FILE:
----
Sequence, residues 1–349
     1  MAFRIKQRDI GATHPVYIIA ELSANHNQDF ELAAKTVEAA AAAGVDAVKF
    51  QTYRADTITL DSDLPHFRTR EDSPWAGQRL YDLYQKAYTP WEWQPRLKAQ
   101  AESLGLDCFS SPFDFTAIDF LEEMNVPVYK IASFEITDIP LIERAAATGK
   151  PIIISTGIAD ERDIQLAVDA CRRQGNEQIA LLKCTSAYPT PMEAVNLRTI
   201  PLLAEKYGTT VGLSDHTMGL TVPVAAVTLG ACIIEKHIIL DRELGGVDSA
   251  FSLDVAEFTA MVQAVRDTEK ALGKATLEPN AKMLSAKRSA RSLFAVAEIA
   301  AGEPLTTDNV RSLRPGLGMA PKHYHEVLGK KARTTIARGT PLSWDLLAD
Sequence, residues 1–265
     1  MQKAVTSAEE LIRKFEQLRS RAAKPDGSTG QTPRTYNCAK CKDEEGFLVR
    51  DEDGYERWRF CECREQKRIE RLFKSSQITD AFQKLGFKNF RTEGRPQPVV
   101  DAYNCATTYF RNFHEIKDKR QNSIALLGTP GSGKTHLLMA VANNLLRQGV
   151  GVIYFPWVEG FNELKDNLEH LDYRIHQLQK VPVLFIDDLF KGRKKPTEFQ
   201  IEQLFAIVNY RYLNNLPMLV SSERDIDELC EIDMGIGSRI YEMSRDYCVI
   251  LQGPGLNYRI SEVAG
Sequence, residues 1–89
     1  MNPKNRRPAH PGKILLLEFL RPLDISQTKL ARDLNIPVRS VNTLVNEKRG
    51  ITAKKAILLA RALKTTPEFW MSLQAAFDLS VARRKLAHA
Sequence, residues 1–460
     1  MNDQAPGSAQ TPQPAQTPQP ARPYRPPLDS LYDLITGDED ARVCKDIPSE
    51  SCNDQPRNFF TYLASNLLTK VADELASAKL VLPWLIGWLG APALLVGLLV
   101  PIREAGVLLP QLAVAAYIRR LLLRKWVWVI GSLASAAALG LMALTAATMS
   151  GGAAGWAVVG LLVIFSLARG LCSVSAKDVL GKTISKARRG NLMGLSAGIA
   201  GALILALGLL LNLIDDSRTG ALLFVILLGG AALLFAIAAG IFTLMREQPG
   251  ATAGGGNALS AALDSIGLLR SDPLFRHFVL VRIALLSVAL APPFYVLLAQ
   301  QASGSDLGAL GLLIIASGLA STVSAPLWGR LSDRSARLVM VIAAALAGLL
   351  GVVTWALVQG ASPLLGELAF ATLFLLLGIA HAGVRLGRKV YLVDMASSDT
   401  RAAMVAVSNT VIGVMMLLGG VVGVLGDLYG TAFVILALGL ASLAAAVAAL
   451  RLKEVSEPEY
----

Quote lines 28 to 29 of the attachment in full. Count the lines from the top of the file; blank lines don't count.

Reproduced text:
   401  RAAMVAVSNT VIGVMMLLGG VVGVLGDLYG TAFVILALGL ASLAAAVAAL
   451  RLKEVSEPEY